Thousands of non-profit organizations fall victim to embezzlement schemes every year — some even losing millions of dollars. But losses go beyond actual dollar amounts. The hit to a group’s reputation may scare off donors, grantmakers, and other supporters. However, with the right response, non-profits can bounce back from fraud. Here is how.
One Best Practice
A study published in the Journal of Accounting, Ethics & Public Policy makes the case that the specific steps an organization takes following a fraud incident can mitigate significant reputational damage. In its hypothetical example, the study lists several ways a non-profit might act after discovering money has been embezzled:
- Make a formal apology
- Undergo an external audit
- Improve the board of directors’ oversight function
- Pursue legal action against the guilty party
- Improve internal controls
- Terminate the executive director
The study found that improving board oversight was the only response to elicit a statistically significant positive effect on supporters’ intentions to donate. Stronger oversight also helped restore an organization’s perceived trustworthiness.
To signal improved board oversight to would-be donors, the authors suggested that an embezzled organization start requiring board members to be completely independent from management and bar employees from serving on the board. Researchers also informed study participants that a non-profit should increase the number of voting board members and mandate that at least one member has a financial or accounting background. Participants were further told that all board members must review the financial statements at least monthly.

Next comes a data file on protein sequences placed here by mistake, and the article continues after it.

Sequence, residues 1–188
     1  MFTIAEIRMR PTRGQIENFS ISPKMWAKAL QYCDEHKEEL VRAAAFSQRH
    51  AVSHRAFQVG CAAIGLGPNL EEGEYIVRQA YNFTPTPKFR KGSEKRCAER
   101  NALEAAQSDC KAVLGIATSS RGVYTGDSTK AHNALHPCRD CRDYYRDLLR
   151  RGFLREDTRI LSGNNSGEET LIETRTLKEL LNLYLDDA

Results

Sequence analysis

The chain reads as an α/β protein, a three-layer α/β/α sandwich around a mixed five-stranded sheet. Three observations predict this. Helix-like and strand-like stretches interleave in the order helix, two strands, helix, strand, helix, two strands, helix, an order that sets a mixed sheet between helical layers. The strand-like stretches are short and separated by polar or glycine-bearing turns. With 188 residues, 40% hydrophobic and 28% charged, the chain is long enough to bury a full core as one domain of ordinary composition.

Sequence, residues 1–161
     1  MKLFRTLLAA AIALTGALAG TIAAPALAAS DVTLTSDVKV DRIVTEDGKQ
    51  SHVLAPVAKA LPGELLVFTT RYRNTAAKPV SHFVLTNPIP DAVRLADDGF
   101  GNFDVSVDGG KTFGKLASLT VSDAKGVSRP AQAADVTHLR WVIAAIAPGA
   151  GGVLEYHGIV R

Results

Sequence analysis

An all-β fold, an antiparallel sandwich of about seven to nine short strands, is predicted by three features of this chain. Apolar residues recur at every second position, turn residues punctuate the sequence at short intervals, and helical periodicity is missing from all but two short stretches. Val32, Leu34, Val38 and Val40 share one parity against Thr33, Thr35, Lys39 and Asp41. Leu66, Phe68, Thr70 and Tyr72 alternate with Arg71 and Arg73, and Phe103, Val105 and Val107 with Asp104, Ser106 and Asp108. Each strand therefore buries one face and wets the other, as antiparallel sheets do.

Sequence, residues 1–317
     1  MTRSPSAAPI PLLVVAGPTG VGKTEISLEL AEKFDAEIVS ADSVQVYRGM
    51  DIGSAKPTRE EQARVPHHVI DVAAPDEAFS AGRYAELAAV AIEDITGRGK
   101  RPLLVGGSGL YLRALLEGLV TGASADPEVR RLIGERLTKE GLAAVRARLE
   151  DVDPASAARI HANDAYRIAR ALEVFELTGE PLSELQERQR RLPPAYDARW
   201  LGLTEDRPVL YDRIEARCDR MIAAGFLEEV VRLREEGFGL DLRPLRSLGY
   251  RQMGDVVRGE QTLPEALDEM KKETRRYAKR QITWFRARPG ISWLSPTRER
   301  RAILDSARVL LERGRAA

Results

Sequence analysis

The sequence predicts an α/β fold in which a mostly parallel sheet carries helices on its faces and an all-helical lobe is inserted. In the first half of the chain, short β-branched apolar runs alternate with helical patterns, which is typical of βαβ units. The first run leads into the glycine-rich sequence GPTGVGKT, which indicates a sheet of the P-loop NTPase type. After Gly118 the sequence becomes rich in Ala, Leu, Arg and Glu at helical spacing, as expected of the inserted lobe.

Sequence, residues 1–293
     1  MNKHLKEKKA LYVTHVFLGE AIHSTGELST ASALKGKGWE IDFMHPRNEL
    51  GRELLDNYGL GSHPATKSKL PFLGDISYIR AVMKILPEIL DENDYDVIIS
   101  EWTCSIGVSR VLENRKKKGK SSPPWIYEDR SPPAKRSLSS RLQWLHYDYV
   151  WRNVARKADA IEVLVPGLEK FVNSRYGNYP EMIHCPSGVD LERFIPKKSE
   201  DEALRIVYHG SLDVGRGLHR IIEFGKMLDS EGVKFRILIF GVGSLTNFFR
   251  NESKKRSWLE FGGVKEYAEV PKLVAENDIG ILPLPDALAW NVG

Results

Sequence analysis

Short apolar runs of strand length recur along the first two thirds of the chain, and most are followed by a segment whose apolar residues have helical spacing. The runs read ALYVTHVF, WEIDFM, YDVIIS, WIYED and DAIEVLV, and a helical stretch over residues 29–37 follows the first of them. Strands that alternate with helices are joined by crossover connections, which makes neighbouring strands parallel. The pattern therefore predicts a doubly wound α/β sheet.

Comply with Regulations
The study’s authors call improving board oversight “an ideal image repair strategy” because it comes at a relatively low cost. However, while reputational repair is of utmost importance, it is not the only consideration for victimized non-profits. If your non-profit loses funds to fraud, it must comply with federal and state reporting obligations, too.
The IRS generally requires organizations to report any ‘significant diversion’ of assets on Form 990. A significant diversion happens when the gross amount of all diversions discovered during the tax year exceeds the lesser of 1) five percent of gross receipts for the year, 2) five percent of total assets at year end, or 3) $250,000. Check with your state for other required reporting.
You may be able to save yourself a lot of heartache by preventing rogue employees from committing fraud in the first place. Tighten internal controls and board oversight now. In addition, just in case fraudulent activity occurs, be ready with a fraud contingency plan that can guide you in the aftermath of an incident. Contact us for help with controls or to investigate fraud.